Plant Blogs – Bio 117 – Corn


Author: Isa Barrengos

Common name: Corn

Scientific name: Zea mays

Corn, Zea mays

Corn, Zea mays

Corn is a sturdy stalk in the Poaceae family that grows to be about fifteen feet tall. It has large ears at the tops that act as a protective layer around the kernels inside. There are five main varieties of corn used in agriculture: Dent Corn, Flint Corn, Sweet Corn, Popcorn, and Flour Corn. Corn was first used by Native Americans who then domesticated the crop about 10,000 years ago in Mexico. The corn pictured to the right was harvested from a field in Mexico. Today, it is completely domesticated and absolutely reliant on agriculture and human cultivation of it. Over time we’ve produced different strains to cater to our high demand and varying needs for it. We use corn in our food, mainly for the ingredient high fructose corn syrup. It also feeds livestock such as cattle, chickens, pigs etc. and has become a key ingredient in the development of biofuels as an ethanol feedstock. In fact, the level at which we are mass producing corn is becoming detrimental; causing smaller farmers to go out of business, landscape diversity to decrease dramatically, and natural pest control to be completely thrown off. For states such as Iowa, Michigan, Minnesota, and Wisconsin, where farming is a major industry, these changes are very visible.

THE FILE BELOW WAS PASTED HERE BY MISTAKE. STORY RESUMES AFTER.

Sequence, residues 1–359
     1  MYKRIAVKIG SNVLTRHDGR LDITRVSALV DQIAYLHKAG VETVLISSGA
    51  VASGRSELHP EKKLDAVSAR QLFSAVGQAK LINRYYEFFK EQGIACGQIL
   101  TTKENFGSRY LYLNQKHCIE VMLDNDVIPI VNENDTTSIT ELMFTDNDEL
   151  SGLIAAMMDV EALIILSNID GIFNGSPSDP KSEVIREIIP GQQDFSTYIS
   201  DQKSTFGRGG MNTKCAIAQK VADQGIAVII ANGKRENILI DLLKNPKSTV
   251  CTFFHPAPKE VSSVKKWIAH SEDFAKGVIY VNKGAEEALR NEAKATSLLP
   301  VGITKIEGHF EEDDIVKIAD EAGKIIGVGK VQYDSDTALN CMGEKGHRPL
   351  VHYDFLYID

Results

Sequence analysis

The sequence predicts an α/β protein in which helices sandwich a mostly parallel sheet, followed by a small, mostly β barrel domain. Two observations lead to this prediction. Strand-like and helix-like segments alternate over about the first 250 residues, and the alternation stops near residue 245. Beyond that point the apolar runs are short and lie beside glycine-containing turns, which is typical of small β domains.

Image source: Lopez-McHugh, Nancy. Mexico on my Plate. Honest Cooking, 2011. .


Landis, Douglas. Increasing Corn for Biofuel Production Reduces Biocontrol Services in Agricultural Landscapes. Proceedings of the National Academy of Sciences of the United States of America, 2008. Journal.

Warman, Arturo. Corn and Capitalism. The University of North Carolina, 2003. Book.

Zea mays Ssp Mays. Oxford University Press, 2013. Web.




Author: Henry Baird, Bio 117 (Prof. Huggett)

Common Name: Blueberry

Scientific Name: Vaccinium —   (depending on specific variety; there are 43-45 in total)

Family: Ericaceae

Common blueberry, Vaccinnium

Common blueberry, Vaccinium

As stated above, there are many varieties of blueberry, most of which grow in the New England region. As the name would suggest, the blueberry is a berry, which is a fruit with a soft, fleshy exterior used for protecting an inner seed. The plant has been described as being fairly resilient – it is not unusual for it to be found in surprisingly diverse areas, ranging from cliff sides and ledges to rural meadows and fields to forested woodlands. The blueberry’s signature “true-blue” color is due to a pigment called anthocyanin, which, when broken down, releases shades of blue and red. The blueberry is a shrub, meaning it has multiple stems growing from the base: another identifiable mark. In addition, its leaf blades are simple, with each node on the stem sprouting one leaf. The blueberry is harvested for human consumption, coveted for its high Vitamin C levels and deliciousness when baked into muffins and/or pies.

Unusual Characteristics/Fun Facts:

  • Some varieties of the plant (including the Maine-abundant Lowbush Blueberry) are fire-resistant.
  • Because of its ability to navigate harsh growth conditions, the blueberry is often used to re-vegetate crippled soils.


Image source: